Federal Election Campaign Act of 1974
with historical background

The FEC and the Federal Campaign Finance Law

As early as 1905, President Theodore Roosevelt recognized the need for campaign finance reform and called for legislation to ban corporate contributions for political purposes. In response, Congress enacted several statutes between 1907 and 1966 which, taken together, sought to:

In 1971, Congress consolidated its earlier reform efforts in the Federal Election Campaign Act (FECA), instituting more stringent disclosure requirements for federal candidates, political parties and political action committees (PACs). Still, without a central administrative authority, the campaign finance laws were difficult to enforce.

Federal Election Campaign Act of 1974

Following reports of serious financial abuses in the 1972 Presidential campaign, Congress amended the FECA in 1974 to set limits on contributions by individuals, political parties and PACs. The 1974 amendments also established an independent agency: the Federal Election Commission (FEC) to enforce the law, facilitate disclosure and administer the public funding program. Congress made further amendments to the FECA in 1976 following a constitutional challenge in the Supreme Court case Buckley v. Valeo ; major amendments were also made in 1979 to streamline the disclosure process and expand the role of political parties.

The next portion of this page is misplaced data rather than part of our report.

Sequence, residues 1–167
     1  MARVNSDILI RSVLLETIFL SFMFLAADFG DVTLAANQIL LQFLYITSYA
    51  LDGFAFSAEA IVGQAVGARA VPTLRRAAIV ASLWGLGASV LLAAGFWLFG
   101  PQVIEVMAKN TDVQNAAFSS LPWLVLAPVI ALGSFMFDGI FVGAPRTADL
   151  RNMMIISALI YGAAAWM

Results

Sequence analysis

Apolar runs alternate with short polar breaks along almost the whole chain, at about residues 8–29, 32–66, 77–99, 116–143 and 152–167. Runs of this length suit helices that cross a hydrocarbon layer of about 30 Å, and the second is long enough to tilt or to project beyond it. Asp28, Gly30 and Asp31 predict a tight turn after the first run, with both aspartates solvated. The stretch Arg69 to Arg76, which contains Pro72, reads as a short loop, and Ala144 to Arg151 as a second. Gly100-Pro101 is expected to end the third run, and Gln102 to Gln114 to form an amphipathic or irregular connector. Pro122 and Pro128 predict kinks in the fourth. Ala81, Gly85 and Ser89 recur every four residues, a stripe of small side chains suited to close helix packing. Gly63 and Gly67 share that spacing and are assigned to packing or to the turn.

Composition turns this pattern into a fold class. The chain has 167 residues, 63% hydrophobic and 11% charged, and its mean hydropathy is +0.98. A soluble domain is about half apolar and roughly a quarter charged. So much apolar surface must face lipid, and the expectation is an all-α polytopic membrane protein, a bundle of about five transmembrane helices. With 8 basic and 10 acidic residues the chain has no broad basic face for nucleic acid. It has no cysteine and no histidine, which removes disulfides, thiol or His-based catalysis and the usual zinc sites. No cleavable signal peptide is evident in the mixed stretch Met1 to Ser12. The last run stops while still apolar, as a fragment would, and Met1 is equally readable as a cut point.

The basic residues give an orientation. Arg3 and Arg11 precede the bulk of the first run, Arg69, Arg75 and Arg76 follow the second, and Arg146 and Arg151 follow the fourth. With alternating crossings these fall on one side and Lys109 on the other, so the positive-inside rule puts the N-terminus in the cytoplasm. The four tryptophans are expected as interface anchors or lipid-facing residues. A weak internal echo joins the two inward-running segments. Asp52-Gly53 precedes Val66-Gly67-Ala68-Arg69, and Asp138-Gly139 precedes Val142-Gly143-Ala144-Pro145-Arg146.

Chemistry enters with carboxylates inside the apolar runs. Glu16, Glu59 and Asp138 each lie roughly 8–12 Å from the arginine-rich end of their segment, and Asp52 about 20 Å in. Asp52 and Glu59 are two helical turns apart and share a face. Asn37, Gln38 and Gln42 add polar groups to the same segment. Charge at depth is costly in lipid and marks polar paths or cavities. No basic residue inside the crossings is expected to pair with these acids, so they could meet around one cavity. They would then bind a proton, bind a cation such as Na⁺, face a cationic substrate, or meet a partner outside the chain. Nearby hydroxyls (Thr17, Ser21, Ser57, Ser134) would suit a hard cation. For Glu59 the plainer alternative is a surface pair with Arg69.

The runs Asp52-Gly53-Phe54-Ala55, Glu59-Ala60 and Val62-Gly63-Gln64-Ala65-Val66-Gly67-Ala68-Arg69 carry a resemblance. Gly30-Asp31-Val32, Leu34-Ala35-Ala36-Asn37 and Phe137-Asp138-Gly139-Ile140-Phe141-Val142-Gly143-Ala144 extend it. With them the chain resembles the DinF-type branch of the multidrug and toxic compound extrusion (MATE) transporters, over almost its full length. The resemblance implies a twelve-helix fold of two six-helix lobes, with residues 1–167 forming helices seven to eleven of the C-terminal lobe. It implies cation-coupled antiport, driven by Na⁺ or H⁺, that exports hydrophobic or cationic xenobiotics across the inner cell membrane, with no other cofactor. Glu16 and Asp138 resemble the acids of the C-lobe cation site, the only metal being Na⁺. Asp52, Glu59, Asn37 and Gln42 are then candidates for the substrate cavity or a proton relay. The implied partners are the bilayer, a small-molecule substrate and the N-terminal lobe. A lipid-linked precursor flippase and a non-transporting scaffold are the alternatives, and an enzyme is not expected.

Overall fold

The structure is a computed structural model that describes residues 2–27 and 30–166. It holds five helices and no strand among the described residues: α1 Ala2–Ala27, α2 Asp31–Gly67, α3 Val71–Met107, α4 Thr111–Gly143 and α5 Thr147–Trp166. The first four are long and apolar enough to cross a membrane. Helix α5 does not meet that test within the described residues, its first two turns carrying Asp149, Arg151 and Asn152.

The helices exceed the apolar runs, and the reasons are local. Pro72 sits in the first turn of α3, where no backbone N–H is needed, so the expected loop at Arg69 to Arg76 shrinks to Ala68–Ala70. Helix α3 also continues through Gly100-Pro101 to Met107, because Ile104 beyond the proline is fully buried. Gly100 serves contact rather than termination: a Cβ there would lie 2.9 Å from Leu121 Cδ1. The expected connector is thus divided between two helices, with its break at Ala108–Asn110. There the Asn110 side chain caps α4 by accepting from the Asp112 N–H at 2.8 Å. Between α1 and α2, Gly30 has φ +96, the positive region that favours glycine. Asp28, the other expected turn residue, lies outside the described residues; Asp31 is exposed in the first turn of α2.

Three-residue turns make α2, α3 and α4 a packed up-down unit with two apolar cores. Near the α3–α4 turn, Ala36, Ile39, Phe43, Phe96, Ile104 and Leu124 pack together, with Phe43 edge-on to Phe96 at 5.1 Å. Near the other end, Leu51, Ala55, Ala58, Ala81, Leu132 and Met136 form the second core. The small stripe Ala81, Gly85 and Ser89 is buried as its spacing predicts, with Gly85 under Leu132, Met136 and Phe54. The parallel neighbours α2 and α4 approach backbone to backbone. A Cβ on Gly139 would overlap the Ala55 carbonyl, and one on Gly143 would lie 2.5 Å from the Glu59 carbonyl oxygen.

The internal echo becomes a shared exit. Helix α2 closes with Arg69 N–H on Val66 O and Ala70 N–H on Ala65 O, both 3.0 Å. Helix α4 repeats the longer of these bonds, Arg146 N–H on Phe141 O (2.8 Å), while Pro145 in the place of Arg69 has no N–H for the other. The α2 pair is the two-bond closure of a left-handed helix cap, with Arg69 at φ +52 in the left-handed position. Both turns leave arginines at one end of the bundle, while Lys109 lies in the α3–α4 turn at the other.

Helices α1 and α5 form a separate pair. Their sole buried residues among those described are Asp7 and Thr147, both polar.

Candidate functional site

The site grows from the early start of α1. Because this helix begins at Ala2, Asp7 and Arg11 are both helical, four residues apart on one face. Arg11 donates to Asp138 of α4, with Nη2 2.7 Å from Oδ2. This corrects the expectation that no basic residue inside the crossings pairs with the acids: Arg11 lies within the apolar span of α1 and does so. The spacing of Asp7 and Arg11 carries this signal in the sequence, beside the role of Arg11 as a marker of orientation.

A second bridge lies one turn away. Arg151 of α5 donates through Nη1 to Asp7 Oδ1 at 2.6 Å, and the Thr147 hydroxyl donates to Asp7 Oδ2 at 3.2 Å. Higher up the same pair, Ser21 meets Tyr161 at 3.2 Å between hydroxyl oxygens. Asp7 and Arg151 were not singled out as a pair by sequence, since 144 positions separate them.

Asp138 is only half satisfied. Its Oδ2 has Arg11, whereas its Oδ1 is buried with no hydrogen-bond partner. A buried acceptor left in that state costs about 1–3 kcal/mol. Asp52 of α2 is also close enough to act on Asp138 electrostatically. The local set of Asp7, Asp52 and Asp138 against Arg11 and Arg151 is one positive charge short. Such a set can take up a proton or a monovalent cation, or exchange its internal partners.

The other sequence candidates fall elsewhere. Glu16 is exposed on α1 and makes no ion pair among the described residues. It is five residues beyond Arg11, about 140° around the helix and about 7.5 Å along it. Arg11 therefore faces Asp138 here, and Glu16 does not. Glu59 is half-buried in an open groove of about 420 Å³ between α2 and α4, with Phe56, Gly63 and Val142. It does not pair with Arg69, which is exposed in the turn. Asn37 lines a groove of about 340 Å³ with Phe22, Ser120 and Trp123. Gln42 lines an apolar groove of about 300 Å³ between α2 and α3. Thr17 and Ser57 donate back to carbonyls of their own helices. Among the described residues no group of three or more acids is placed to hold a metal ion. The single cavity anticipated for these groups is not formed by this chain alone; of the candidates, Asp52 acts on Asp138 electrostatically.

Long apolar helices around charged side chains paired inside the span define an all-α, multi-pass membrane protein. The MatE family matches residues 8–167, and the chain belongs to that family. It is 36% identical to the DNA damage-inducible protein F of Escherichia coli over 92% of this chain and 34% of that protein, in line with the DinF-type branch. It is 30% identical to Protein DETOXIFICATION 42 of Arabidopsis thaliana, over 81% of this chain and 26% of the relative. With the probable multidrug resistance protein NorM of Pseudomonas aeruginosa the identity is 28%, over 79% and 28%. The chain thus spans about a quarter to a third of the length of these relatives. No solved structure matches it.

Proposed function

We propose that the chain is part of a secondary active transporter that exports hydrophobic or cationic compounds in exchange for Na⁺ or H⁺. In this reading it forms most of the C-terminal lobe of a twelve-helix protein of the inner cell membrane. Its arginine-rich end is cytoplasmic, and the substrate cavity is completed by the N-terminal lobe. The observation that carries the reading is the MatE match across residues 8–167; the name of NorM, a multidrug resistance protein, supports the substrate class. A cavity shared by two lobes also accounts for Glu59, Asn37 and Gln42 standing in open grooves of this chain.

Public funding of federal elections originally proposed by President Roosevelt in 1907 began to take shape in 1971 when Congress set up the income tax checkoff to provide for the financing of Presidential general election campaigns and national party conventions. Amendments to the Internal Revenue Code in 1974 established the matching fund program for Presidential primary campaigns.

The FEC opened its doors in 1975 and administered the first publicly funded Presidential election in 1976.


The FEC has six voting members who serve staggered six-year terms. The Commissioners are appointed by the President with the advice and consent of the U.S. Senate. No more than three Commissioners may belong to the same political party. The Commissioners elect two members each year to act as Chairman and Vice Chairman.

Public Meetings

The Commission normally holds a public meeting each week. At this meeting, the Commissioners adopt new regulations, issue advisory opinions, approve audit reports concerning Presidential campaign committees, and take other actions to administer the campaign finance law. In addition, the Commissioners meet regularly in closed sessions to discuss pending enforcement actions, litigation and personnel matters.

Source: Federal Election Commission, http://www.fec.gov, 1998.